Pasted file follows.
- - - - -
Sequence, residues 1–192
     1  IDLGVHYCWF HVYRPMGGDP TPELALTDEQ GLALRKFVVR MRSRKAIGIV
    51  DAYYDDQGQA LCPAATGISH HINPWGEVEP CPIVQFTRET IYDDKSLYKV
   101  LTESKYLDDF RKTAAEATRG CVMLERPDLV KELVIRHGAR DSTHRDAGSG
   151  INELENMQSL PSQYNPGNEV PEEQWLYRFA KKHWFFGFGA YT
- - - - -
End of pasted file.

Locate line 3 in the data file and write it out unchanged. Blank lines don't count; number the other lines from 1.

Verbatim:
    51  DAYYDDQGQA LCPAATGISH HINPWGEVEP CPIVQFTRET IYDDKSLYKV